‘Cultural diversity’ has widely differing interpretations, from transparent initiatives to broaden inclusiveness to institutional policies that simply disguise political inequalities. However interpreted, the term almost always implies a majority monoculture against which all else is ‘diverse’, predicated on an hypostatisation of cultural and ethnic (or other) differences. Fundamentally, however, cultural diversity concerns social justice, because diversity debates surface in national contexts imprinted with legacies of injustice, inequality and discrimination against minority groups; and agency, defined as the freedom of individuals to act as political and creative subjects, within the limits of respect for the equal legitimate rights of others.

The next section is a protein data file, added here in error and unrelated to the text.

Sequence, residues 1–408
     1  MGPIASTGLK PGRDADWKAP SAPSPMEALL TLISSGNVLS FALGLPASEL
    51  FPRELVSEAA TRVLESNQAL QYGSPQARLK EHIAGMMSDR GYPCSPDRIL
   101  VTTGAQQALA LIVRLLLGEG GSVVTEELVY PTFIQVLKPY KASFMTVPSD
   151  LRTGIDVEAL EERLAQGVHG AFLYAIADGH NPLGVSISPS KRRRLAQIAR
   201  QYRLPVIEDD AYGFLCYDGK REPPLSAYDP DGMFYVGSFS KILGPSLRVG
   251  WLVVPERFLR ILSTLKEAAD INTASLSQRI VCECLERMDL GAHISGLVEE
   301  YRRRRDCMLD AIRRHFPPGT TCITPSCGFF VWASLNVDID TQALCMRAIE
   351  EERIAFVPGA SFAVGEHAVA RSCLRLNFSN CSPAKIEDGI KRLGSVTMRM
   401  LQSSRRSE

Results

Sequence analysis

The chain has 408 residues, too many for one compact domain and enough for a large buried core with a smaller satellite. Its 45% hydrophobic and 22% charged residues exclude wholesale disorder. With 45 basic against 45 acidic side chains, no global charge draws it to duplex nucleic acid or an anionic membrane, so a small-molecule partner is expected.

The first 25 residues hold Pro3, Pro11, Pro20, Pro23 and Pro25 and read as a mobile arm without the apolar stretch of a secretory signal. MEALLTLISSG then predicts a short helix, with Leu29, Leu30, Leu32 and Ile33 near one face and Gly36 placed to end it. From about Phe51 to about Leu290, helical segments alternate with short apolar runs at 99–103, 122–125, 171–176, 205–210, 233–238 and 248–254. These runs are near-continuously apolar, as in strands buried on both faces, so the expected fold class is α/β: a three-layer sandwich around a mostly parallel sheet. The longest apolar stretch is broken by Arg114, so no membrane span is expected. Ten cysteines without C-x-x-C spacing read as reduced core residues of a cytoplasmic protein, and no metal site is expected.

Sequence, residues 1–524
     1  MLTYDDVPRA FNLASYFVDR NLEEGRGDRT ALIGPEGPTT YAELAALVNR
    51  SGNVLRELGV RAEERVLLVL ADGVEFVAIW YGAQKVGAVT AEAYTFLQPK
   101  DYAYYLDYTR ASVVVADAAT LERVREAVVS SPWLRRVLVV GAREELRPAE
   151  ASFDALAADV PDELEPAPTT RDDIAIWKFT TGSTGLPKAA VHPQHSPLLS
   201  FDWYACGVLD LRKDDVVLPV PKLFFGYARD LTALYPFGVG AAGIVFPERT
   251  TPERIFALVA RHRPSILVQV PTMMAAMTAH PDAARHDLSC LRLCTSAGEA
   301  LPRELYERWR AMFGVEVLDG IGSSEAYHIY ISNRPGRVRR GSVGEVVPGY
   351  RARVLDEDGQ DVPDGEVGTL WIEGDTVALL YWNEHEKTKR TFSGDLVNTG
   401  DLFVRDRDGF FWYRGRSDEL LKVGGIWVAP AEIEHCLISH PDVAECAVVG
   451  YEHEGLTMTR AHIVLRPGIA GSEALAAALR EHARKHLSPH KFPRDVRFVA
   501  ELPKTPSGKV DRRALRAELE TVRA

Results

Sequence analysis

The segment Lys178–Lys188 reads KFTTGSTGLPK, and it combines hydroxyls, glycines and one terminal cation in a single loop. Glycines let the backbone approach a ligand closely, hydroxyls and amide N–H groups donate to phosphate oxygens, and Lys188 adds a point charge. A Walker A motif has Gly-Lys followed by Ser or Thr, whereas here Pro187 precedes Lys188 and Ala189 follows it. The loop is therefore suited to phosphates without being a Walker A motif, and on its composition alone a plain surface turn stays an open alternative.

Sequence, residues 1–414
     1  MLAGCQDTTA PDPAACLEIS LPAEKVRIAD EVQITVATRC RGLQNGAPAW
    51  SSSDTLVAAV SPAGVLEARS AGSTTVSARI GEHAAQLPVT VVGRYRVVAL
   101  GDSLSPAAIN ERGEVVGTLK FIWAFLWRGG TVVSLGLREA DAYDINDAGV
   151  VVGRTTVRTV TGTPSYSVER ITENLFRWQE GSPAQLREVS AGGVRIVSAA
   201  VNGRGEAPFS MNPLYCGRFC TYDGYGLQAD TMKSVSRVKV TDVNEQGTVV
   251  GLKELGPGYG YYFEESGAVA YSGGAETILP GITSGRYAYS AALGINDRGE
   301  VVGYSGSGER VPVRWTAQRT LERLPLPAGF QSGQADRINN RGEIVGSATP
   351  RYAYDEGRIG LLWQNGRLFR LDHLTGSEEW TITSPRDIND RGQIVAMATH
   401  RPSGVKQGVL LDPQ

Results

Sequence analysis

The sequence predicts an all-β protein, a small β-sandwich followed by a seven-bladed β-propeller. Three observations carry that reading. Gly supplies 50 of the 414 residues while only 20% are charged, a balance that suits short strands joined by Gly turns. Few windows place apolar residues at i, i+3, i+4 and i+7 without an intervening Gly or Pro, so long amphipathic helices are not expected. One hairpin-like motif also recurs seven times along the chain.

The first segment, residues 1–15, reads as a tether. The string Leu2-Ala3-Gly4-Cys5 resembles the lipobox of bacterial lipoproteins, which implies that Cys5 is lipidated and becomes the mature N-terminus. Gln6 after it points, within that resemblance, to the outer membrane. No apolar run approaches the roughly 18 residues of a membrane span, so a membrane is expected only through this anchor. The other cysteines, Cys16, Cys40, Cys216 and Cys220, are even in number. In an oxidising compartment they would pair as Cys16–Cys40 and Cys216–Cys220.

Any consideration of cultural diversity therefore cannot be thought outside universal human rights. This is already asserted in the United Nations Universal Declaration of Human Rights as an obligation upon the nation-state regardless of race, colour, sex, language, religion, political or other opinion, national or social origin, property, birth or other status,1 and is based in the principle that such rights are morally non-negotiable and take precedence over geopolitical (ie national) interests. In recent years specific cultural rights have been elaborated by UNESCO’s Universal Declaration on Cultural Diversity (UDCD) whose ‘guidelines’ emphasise that cultural diversity is an ‘adaptive process’ in which ‘each individual must acknowledge not only otherness in all its forms but also the plurality of his or her own identity, within societies that are themselves plural’.2 The cultural rights protected – subject to respect for human rights – include non-discriminatory freedom of creative expression and language, quality education, preservation of cultural heritage, and access to the means of expression and dissemination.